When it comes to selling your business, there is a plethora of information out there pertaining to how to sell a business. You can learn the mechanics of a good sale, the ins and outs of financing and contracts and even what to do after the sale. When it comes to the how-to's of selling you are set. 

After 25 years of helping business owners with their exit strategies, I can tell you that there are three little things that most owners forget to think about prior to putting their business up for sale.  

1. Don't Be a Jerk. 

It's human nature that in any negotiation, one party will be eager and the other will be reluctant. Now that might not be true every time, but it's probably true 80 percent of the time. So, assume that your negotiation will be like most others: It will have an eager party and a reluctant one. 

My suggestion to business owners looking to sell. Don't be a jerk. Play the role of the reluctant party and force the buyer to get eager. 

Reluctant parties qualify their language every step of the way. They say things like, "I don't know if we could do X." Or "Would this work for you if we could do it?" They also ask a lot of questions and pose a lot of challenges. They never say, "Yeah! Let's do it!" They don't show excitement. Everything is qualified and subdued.

Not only will this strategy make the buyer more excited to "win" the sale, but it will also prove helpful when it comes time to negotiate after sale terms like training and consulting contracts.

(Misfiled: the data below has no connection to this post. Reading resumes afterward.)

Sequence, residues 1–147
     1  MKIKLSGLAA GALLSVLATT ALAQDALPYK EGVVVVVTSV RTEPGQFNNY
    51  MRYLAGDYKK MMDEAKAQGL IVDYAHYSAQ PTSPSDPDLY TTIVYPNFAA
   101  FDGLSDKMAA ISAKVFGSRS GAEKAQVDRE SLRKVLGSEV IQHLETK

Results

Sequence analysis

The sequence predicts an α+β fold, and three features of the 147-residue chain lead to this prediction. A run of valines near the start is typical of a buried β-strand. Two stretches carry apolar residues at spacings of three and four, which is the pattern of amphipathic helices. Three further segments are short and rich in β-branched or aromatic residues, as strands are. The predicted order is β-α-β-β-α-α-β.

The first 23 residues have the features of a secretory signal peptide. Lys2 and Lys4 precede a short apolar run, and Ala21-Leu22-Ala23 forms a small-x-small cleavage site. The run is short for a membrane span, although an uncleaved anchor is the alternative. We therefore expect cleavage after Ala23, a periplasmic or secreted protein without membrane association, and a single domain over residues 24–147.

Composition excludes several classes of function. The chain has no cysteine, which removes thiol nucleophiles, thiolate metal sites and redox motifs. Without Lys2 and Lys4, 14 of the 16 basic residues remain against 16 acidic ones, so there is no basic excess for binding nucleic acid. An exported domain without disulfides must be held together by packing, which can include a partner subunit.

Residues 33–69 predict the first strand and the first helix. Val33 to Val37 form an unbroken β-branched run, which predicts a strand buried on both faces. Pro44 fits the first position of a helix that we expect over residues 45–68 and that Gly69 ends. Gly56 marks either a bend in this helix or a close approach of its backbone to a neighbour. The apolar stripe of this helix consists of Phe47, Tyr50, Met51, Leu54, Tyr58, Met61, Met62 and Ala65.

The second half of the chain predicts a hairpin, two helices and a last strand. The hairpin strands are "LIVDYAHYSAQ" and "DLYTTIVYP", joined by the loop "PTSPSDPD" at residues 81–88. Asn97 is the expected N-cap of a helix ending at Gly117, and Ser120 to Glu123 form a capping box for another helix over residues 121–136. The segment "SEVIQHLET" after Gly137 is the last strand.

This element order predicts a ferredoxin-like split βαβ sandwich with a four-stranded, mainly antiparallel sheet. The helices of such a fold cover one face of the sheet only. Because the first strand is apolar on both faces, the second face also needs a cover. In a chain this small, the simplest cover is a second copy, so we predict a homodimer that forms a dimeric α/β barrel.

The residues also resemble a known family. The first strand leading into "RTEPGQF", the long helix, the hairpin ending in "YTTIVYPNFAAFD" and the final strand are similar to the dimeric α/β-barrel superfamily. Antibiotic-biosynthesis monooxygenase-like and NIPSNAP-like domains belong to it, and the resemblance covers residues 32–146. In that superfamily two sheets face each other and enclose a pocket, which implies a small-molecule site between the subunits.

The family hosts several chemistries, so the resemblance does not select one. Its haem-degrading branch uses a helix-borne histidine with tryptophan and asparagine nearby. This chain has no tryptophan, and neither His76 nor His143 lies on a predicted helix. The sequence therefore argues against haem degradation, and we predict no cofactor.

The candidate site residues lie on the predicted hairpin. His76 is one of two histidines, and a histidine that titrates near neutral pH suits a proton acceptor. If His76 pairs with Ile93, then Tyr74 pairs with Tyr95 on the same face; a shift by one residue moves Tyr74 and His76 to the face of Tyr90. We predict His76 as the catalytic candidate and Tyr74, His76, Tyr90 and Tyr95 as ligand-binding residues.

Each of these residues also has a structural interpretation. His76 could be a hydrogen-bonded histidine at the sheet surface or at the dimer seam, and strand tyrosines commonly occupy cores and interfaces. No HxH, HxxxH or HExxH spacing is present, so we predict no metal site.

2. Don't Work With Jerks.

Do you have a particular vendor that is just a pain to work with? Maybe they always pay late or have trouble meeting deadlines? Whatever the scenario, having non-compliant vendors will come back to hurt you during a business sale. The last thing that the new owner wants to deal with is production issues right out the gate, so take the time before listing to get your vendors in order or seek out alternative options. 

3. Don't Hire Jerks. 

In most business acquisitions, your staff, or at least your key team members will likely transfer over to the new owner. So it is critical that you get your hiring (and firing) issues squared up prior to listing your business. Focus on your company culture and hiring competent team members. 

When it does come time to sell, be careful. During the due diligence process you are going to be asked a lot of questions. Your potential buyer will ask for financial reports, marketing collateral, key account information, etc. All of which your team has an intimate understanding of. So it seems reasonable to reach out to your key team members to get this information. 

Don't do it.That's how you get jerks.  

Tipping off your employees too early can cause a mass exodus that can scare off your buyer really quickly. At a minimum, telling your team will cause fear and uncertainty which will lead to drama, and you don't need that. You will tell the whole company after the deal is closed (and not a minute sooner).